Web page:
Character names are sometimes a point of contention from my readers. And also a subject that gives rise to a number of questions. Not least: where do they come from?
I often get picked up on my character names. Even before The Berylford Scandals were a thing and the 10-year-old me was writing stories about French vampires… And much as I have visited this subject in a previous post long ago, I thought it worth another look. Especially as people often ask me where I get these, often unusual and ‘complicated’, character names from. This post explores some of the places I’ve found inspiration, and where you can find it too.
This really ought to be a goes-without-saying go-to for all aspiring writers. I often think that an interest in one’s own family history and the stories there associated is an invaluable asset to authors. If you deal in stories set in real-life settings, and in the past, as I do, then having a knowledge of your roots and what your ancestors got up to can provide a wealth of inspiration. Not least in giving your characters realistic but no less memorable names. Some of the fan favourites (the loves and the love-to-hates) were named after ancestors of mine. The Whitlockes and the Warwicks, just to name a couple.
I took a leaf out of the book of everyone’s (or… well… still some people’s) favourite witchcraft and wizardry writer for this one. J.K. Rowling borrowed a number of place names to assign as surnames for her characters in Harry Potter. Snape, Flitwick and Dursley are examples. And you don’t have to use the place name in its exact form either; just use it as a base from which to manipulate. The Lancashire town of Urmston got modified slightly when it came to creating Mrs Urmstone in the Berylford books; the same goes for Hathersage in the Peak District, which was reworked a bit to become Haffisidge.
As a side-piece of advice: don’t just look to villages and towns and other such locations. Even something as simple as road names is just as valuable for inspiration.
MANIPULATING OTHER NAMES
Off the back of that previous point, a number of names that I created had relatively commonplace, or at least less flavourful origins. Take Lady Vyrrington, my chief Berylford anti-heroine, for example. She began literary life with a name at which I can barely write without cringing — Lady Selina Goodsby — before I decided that was hardly becoming of such a character. It needed gravitas and memorability. I settled on the final surname far quicker, beginning with Barrington, a fairly commonplace “posh” surname. It just took a bit of letter play. Barrington became Berrington, then Berrington to Verrington, and finally Verrington to Vyrrington. It’s original, memorable, and, if people actually take the time to read it properly, not actually difficult to pronounce.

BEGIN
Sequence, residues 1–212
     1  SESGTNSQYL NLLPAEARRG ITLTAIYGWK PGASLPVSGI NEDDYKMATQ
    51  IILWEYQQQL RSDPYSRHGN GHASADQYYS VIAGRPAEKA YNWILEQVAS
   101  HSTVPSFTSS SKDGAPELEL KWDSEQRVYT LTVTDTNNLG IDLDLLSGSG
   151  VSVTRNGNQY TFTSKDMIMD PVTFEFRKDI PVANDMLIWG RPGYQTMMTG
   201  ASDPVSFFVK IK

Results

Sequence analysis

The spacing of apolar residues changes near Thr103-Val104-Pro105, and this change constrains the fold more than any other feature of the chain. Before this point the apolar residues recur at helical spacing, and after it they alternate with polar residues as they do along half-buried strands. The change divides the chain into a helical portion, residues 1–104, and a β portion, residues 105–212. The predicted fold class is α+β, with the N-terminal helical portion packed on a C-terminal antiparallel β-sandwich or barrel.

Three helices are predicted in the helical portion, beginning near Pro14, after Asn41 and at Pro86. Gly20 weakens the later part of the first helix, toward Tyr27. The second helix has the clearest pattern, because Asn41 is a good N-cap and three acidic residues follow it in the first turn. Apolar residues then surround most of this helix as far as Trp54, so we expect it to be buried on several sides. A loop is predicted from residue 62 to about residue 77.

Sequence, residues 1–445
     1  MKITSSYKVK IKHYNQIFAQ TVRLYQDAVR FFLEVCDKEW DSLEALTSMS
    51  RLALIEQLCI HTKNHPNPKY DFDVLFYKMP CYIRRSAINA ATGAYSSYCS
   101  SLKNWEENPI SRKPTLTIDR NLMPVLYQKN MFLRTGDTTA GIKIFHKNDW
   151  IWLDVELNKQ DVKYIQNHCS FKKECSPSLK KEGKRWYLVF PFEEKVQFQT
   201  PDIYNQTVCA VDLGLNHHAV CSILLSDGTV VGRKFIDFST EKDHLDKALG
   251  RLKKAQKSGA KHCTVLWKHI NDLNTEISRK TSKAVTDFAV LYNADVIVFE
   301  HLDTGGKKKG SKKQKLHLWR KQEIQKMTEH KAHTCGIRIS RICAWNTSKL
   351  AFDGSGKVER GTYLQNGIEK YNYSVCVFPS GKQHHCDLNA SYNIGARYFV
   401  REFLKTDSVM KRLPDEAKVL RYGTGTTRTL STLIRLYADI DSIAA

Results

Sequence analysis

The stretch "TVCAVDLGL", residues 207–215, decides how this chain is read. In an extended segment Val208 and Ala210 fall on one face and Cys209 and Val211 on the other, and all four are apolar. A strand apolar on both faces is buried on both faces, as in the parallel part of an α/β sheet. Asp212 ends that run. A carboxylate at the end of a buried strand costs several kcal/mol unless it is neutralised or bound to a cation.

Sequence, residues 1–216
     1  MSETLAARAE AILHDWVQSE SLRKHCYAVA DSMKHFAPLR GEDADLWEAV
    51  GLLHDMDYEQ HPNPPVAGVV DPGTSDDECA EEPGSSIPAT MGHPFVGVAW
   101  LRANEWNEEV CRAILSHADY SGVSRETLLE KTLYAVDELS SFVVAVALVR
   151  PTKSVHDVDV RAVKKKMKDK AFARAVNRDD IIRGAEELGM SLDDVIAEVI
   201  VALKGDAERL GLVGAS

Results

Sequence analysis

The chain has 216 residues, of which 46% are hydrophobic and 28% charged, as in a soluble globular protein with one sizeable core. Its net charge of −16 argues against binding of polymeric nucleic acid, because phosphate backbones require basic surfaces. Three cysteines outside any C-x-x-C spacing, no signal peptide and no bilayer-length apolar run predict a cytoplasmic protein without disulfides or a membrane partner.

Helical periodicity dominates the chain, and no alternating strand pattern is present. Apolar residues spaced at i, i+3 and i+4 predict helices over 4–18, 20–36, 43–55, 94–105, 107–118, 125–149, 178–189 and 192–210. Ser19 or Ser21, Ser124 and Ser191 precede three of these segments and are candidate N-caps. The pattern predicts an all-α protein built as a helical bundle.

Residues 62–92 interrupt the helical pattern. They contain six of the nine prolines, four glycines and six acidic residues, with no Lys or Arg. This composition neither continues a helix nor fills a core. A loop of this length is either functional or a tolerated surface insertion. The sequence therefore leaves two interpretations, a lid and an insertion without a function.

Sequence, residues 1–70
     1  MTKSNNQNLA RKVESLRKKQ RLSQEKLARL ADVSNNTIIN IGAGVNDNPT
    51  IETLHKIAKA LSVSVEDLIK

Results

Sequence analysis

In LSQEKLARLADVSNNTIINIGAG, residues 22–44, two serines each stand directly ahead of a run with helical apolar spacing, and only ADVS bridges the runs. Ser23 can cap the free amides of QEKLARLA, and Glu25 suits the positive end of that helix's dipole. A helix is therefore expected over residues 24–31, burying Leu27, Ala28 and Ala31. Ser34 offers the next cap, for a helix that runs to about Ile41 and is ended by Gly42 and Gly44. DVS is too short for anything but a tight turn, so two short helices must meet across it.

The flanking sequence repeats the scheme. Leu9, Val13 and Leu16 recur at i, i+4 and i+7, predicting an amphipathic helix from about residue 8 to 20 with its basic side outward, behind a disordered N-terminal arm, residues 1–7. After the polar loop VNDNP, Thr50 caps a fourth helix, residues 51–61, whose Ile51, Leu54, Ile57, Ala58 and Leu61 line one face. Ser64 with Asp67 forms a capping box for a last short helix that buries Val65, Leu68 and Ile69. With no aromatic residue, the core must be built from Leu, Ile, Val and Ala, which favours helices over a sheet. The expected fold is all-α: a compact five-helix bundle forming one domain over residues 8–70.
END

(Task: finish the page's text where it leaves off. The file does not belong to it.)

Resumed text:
RESEARCHING REAL-LIFE FIGURES
The former three suggestions work perfectly fine when you’re writing a story set in your home country. There’s no language or culture barrier to fight against; you know that these names will belong with such characters. So, when it comes to my current work-in-progress, You Can Hear Chopin from the Attic, set in Germany, I have no such luxury. I have had to do a bit more research to ensure the correct style and flavour get captured. Where better to find genuine German names? By looking into real-life German people from the period. Names such as Upfauer (manipulated from Hupfauer), Verschuer, and Seyß came to me this way.
As should be the case with everything you do as a writer: pay attention to things and people around you. It doesn’t matter whether you’re a full-time author or working an office job for 40 hours a week — inspiration for characters, events, stories… it’s everywhere. I keep a list of interesting and/or unusual names that I intend to use for future stories. For instance, just the other day at work, I came upon the name Argyrides. Something that I would never have dreamt up myself. But already I can envision it belonging to some antagonist… of Greek extraction… for a new story that may come to pass. And now that I have it, I’m damn well keeping it!
FINAL NOTES ON CHARACTER NAMES
Just a last bit of passing advice when it comes to naming your characters. Be mindful of period, style, flavour, and setting. This is where your all-important research skills will come in useful. Reading other works set in that time, with that setting, will give you more knowledge in terms of what names were fashionable at the time. Or the naming conventions observed by certain cultures. For example, you couldn’t have a story set in 19th Century Russia wherein the main character’s name was Alice. Alice becomes Alisa in Russian. Furthermore, the Russians observe a patronymic naming system, and so, at least at points during your story, for increased authenticity if nothing else, you or your characters would refer to Alisa as Alisa Mikhailovna (or whatever you choose to designate).
Like a lot of writing, it isn’t a simple matter of chucking any old shit on the page and thinking it works. There is so much more to it than that.
Got any other ideas? Let me know in the comments section. For more author news and views, my Facebook and Instagram pages are here. And drop a subscription to my YouTube channel to remain informed of the latest, plus some exclusives. Furthermore, my fortnightly podcast, The Dale Hurst Writing Show, is available to listen to here on Spotify.